Peer leaders help students

By: Aura Altamiranda/Contributing Writer

One of the largest programs in the country comes from the University’s biology department.

Peer Lead Team Learning is a national program with a number of participating universities designed to reinforce principles taught in various disciplines of biology.

Thomas Pitzer initially brought the program to the University in 2000 when the only courses the program offered aid in were Biology I and II.

A little more than a decade after its inception, it has grown to serve approximately 2,500 students at the Modesto Maidique and Biscayne Bay campuses in the following biology courses: General Biology I, General Biology II, Genetics, Fundamentals of Human Physiology, Human Biology, Ecology, Evolution and Neurobiology.

The staff is working to implement Intro to Microbiology as well as General Microbiology into the course offerings. Alberto Cruz, assistant coordinator, said, “It is pretty difficult for someone to get a degree in bio or a minor without participating in PLTL.”

PLTL is a network of students helping students understand difficult concepts in course material.

While the incentive of the program as a student is to better grasp the course content, most professors further encourage students to participate by using completion of PLTL as a replacement for the cumulative final exam.

To accommodate students who cannot commute to campus, scheduled discussions are led through smaller online sections using a web conferencing tool Adobe Connect.

The commitment of the program is similar to that of juggling an additional class but its work is intertwined with the subject it reinforces. During the first five minutes of every session, leaders administer readiness surveys to the students to foster engagement.

Once a student misses three or more, he can no longer earn credit for the program. After the surveys, leaders facilitate discussions based on course material that has been covered. Their purpose is not to teach new material, but to review.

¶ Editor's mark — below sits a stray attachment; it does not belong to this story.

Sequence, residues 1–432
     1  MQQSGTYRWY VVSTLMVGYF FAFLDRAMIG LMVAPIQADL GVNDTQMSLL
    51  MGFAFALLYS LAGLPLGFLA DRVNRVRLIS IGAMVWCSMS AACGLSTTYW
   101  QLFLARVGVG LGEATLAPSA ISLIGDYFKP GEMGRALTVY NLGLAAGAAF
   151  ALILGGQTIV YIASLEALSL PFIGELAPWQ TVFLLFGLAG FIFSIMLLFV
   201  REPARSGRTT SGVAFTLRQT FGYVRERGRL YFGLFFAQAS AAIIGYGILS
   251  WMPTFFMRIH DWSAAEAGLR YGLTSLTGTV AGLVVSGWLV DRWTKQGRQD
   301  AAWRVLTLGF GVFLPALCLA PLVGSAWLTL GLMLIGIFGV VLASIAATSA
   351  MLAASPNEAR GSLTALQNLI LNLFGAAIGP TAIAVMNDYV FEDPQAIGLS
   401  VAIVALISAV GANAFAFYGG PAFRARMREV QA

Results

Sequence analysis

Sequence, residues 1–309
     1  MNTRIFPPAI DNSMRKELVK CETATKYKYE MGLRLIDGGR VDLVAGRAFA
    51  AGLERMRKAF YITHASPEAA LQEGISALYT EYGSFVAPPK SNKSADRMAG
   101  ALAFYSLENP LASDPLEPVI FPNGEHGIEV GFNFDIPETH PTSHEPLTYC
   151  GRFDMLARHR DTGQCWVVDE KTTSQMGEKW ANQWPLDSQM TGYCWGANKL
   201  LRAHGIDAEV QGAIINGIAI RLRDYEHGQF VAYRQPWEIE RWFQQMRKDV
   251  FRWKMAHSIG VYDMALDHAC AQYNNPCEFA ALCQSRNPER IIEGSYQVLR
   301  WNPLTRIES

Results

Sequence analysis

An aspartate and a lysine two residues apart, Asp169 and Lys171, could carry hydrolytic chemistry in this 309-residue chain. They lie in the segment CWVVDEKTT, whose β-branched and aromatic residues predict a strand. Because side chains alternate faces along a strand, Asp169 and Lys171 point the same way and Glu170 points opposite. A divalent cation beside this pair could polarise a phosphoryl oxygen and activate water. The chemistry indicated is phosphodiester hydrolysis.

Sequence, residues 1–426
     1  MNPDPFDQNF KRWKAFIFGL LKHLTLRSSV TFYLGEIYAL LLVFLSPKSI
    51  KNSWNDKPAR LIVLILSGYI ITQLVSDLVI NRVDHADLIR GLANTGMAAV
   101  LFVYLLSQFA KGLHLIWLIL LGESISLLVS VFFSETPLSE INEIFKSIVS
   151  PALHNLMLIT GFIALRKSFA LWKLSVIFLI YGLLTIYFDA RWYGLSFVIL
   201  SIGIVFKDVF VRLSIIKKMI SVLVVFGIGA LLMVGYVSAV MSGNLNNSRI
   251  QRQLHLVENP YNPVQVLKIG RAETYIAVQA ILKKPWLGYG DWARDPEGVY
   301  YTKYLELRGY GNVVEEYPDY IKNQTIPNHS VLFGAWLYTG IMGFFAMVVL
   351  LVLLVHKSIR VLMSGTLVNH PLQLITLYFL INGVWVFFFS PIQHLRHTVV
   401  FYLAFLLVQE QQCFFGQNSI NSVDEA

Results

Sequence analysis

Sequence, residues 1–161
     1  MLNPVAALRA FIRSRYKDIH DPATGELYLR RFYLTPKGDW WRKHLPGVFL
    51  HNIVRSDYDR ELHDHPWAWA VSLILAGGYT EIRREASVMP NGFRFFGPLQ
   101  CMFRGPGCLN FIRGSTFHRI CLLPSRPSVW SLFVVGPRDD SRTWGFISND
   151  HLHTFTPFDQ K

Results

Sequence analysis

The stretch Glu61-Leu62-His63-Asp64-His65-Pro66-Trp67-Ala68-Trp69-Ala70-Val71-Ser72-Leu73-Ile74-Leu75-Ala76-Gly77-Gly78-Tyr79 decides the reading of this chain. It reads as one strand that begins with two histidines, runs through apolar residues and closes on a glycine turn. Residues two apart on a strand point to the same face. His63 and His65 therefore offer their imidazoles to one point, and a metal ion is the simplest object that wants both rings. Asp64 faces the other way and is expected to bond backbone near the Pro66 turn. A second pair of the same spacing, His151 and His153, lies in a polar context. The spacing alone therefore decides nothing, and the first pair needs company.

Nataly Rodriguez, assistant coordinator, described PLTL as “active learning,” which serves as additional aid to the “passive learning” of lectures and textbook reading.

Omar Fernandez, a sophomore and biology major, who initially took PLTL for Bio I, leads discussions for General Biology 1.

“What goes on in a session motivates most of them to study for the next. We have surveys at the beginning that contribute and motivate them to know more about the material,” he said.

Most universities with smaller programs have the funding to pay their leaders; with the exception of staff members, the University’s program operates through the volunteer work of its leaders.

There are currently 130 PLTL leaders teaching at least two sections each. Beginning as students in the program, they each advanced to lead groups consisting of about 12 students on average.

Leaders attend an initial orientation along with weekly discussions led by the coordinators, where they work out problems together and strengthen their understanding of the material before addressing it with their groups.

Leaders assist in the learning process and simultaneously maintain command of the subjects they teach.

Many of the students who participate are the same students who are preparing for such standardized tests as the MCAT.

On Nov. 8, University President Mark Rosenberg recognized the PLTL program for its achievements.

“It turned out really well, everyone in the Ronald W. Reagan Presidential House was impressed we didn’t get additional funding outside the department and we’ve grown so much, and we’re taking it further,” said Rodriguez.

“We’ve been doing PLTL for over 10 years and research shows that students who take PLTL earn a full grade higher than those who don’t,” she added.

There are plans for expansion; Jose Alberte, head coordinator, expects that more administrative support will allot time for research about how to further improve the program.

The PLTL staff hopes with more acknowledgment will come more awareness and involvement in the program.

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